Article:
Description Of Product
Hyaluronate Derivatives, Amvisc/Durolane/Euflexxa/Gel-One/Healon/OrthoVisc/Provisc/Synvisc
Description: Antirheumatic, Orthopedics, Miscellaneous
How Does It Work
Hyaluronic acid is a naturally occurring glycosaminoglycan polysaccharide and is the chief component of the extracellular matrix. Hyaluronic acid and its derivatives are highly anionic and attract water which results in volume expansion and structural support of soft tissues essentially functioning as tissue and joint lubricant improving the modulating interaction between adjacent tissues. When hyaluronic acid is used as an intra-articular injection increases the relative viscosity of the synovial fluid in cartilage. When administered as an intra-articular injection, the hyaluronic acid is cleared within several hours with half-lives ranging from 17 hours to 1.5 days. The half-life is longer for purified and synthesized hyaluronic acid preparations with a larger molecular weight. Despite such as short half-life, the clinical benefit of hyaluronic acid in providing significant symptomatic pain can be long-lasting following an intra-articular hyaluronic acid injection. More recently, studies have shown promising results in the treatment of tendinopathies which have been attributed to their anti-inflammatory activity, enhanced cell proliferation, collagen deposition besides the lubricating action on the sliding surface of the tendon.
Indications For Use
Intra-articular use if officially indicated for the treatment of pain in osteoarthritis. Various other indications for other formulations.
Do not use in patients with a known hypersensitivity to hyaluronic acid or any components of its formulation
Do not use in a pre-existing infection of the skin region of the intended injection site
Do not use in patients with a systemic bleeding disorder
Should only be administered by a medical professional trained in accepted injection techniques
When administering by intra-articular injection, always refer to the manufacturer’s labelling for additional instructions on injection technique.
Injectable: According to the prescribed directions of a licensed medical doctor.
The following dosing recommendations are according to knee osteoarthritis:
Durolane: Inject 60 mg (3 mL) once.
Euflexxa: Inject 20 mg (2 mL) once weekly for 3 weeks (total of 3 injections).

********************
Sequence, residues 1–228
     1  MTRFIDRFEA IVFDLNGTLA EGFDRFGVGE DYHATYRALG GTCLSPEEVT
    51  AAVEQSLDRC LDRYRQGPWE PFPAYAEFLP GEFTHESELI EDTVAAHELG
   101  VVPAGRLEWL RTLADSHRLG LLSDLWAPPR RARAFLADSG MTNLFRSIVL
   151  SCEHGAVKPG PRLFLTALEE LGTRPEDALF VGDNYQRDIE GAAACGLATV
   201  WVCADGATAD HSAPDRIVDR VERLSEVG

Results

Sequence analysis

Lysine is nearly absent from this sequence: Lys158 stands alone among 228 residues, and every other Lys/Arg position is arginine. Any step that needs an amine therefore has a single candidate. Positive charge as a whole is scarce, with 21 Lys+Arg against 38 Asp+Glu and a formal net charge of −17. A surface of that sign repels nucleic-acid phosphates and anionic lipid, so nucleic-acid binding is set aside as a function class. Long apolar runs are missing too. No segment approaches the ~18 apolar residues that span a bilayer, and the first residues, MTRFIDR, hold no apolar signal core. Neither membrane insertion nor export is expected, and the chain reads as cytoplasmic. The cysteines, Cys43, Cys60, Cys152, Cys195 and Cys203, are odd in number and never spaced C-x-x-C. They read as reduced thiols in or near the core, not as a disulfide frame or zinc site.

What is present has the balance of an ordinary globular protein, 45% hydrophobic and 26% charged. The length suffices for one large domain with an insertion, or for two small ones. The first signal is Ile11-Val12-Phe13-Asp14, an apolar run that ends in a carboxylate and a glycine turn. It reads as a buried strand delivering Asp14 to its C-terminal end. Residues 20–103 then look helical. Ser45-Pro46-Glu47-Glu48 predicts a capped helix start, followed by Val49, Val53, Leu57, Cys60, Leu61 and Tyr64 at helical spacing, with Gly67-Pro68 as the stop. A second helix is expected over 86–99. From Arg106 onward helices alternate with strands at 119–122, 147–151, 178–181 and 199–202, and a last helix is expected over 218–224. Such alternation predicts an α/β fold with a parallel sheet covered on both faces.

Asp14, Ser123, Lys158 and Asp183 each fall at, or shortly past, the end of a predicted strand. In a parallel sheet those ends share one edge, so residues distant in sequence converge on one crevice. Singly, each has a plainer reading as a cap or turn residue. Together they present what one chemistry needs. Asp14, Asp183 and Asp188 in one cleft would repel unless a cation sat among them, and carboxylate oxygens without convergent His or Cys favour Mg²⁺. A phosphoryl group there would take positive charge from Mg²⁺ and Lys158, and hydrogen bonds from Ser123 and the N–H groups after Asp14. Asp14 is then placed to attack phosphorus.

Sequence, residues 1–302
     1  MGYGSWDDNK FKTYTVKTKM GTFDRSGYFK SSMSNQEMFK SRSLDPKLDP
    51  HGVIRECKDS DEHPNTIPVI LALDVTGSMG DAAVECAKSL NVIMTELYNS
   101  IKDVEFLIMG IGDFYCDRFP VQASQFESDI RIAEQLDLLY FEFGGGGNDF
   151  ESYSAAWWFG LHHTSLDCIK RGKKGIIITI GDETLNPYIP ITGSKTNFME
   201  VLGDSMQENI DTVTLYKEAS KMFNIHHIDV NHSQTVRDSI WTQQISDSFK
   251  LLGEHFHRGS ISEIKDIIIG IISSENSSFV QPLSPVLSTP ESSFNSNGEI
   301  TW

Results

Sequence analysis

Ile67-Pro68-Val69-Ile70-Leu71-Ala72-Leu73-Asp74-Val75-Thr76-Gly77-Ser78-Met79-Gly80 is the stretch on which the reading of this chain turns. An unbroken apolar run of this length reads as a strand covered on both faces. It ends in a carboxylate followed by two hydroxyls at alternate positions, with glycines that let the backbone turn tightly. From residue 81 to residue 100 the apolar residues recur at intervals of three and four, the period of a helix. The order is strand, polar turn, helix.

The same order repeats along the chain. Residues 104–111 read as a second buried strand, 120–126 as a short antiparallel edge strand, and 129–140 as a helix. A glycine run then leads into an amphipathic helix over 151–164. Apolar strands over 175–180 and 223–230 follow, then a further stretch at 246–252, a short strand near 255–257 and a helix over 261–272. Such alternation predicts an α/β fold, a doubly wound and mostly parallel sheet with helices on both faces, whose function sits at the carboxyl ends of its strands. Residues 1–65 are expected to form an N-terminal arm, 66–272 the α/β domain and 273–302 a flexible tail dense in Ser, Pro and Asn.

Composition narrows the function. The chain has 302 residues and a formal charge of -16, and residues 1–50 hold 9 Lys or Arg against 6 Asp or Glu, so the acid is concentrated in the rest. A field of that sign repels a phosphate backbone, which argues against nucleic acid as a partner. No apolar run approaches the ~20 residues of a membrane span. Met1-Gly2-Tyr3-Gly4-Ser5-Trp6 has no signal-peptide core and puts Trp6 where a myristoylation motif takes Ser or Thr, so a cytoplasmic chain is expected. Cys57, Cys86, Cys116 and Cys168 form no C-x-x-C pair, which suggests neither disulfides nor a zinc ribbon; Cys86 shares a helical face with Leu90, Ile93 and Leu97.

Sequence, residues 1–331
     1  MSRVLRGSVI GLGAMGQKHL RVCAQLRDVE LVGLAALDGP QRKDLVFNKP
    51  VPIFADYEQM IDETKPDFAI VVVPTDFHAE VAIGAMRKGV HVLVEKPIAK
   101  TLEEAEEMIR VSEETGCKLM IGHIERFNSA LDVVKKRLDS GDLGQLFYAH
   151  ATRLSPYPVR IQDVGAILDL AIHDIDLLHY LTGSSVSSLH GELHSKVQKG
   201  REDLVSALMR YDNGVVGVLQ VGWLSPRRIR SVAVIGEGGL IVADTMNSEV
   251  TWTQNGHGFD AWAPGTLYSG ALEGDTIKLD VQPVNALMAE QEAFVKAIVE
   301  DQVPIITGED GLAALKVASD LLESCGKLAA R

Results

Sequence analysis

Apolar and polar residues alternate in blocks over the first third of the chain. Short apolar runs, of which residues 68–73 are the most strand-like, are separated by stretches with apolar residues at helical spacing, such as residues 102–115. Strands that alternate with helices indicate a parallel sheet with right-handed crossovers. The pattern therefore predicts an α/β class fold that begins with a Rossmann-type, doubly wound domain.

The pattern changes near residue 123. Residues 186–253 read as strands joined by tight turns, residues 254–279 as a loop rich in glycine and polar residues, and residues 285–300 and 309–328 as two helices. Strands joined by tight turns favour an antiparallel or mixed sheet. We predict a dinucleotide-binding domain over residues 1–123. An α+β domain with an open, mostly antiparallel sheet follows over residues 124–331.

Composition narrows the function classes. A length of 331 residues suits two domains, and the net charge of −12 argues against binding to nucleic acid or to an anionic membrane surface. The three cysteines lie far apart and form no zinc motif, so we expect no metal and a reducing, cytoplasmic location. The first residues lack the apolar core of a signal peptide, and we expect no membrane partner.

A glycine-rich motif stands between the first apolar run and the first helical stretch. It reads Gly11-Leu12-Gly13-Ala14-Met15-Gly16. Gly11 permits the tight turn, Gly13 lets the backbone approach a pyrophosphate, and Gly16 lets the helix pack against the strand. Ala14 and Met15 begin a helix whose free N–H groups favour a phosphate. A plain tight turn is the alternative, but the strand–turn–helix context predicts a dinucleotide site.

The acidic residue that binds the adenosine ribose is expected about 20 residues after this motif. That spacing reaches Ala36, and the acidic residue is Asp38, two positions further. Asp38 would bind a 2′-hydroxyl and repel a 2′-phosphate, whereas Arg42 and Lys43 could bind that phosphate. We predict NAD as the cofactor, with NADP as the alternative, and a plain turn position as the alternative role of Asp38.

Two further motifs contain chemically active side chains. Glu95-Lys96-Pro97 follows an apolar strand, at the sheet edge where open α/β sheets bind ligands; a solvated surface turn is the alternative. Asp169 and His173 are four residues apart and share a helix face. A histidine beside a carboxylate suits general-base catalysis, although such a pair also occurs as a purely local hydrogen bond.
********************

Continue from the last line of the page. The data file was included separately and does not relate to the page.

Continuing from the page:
Gel-One: Inject 30 mg (3 mL) once.
Gelson-3: Inject 16.8 mg (2 mL) once weekly for 3 weeks (total of 3 injections).
GenVisc 805, Supartz, Supartz FX: Inject 25 mg (2.5 mL) once weekly for 5 weeks (total of 5 injections); some patients may benefit from a total of 3 injections.
Hyalgan: Inject 20 mg (2 mL) once weekly for 5 weeks (total of 5 injections); some patients may benefit with a total of 3 injections.
Hymovis: Inject 24 mg (3 mL) once weekly for 2 weeks (total of 2 injections).
Monovisc: Inject 88 mg (4 mL) once.
Orthovisc: Inject 30 mg (2 mL) once weekly for 3 to 4 weeks (total of 3 to 4 injections).
Synvisc: Inject 16 mg (2 mL) once weekly for 3 weeks (total of 3 injections).
Synvisc-One: Inject 48 mg (6 mL) once.
Triluron: Inject 20 mg (2 mL) once weekly for 3 weeks (total of 3 injections).
Travis: Inject 25 mg (2.5 mL) once weekly for 3 weeks (total of 3 injections).
Visco-3: Inject 25 mg (2.5 mL) once weekly for 3 weeks (total of 3 injections).
Pharmacist Tips On Using
Hyaluronate Derivative Injection: Should be injected only into a joint and never extra-articular or into the synovial capsule or tissues. Do not use disinfectants containing ammonium salts for cleaning the injection site prior to administration. Should only be administered by a trained medical doctor.
Hyaluronate Derivative Should be Stored: Store this medication at 36°F to 77°F (2°C to 25°C) and away from heat, moisture, and light. Keep all medicine out of the reach of children. Throw away any unused medicine after the beyond-use date. Do not flush unused medications or pour down a sink or drain.
The type of local reaction may vary from product to product and site to site:
Central Nervous System: Headache (≤18%)
Dermatologic: Skin discolouration at the injection site (4% to 78%), ecchymoses (≤14%), skin rash (≤14%)
Hematologic and Oncologic: Bruise (≤28%; more common in older patients)
Local: Swelling at the injection site (3% to 98%), tenderness at the injection site (17% to 95%), bruising at the injection site (3% to 93%), erythema at the injection site (≤93%), induration at the injection site (6% to 92%), pain at the injection site (≤92%), residual mass at the injection site (3% to 90%), itching at the injection site (7% to 47%), muscle rigidity at the injection site (25%), hematoma at the injection site (8% to 18%)
Neuromuscular and Skeletal: Arthralgia (1% to 25%), joint swelling (knee; ≤14%), joint effusion (≤11%)
Miscellaneous: Swelling (18% to 28%)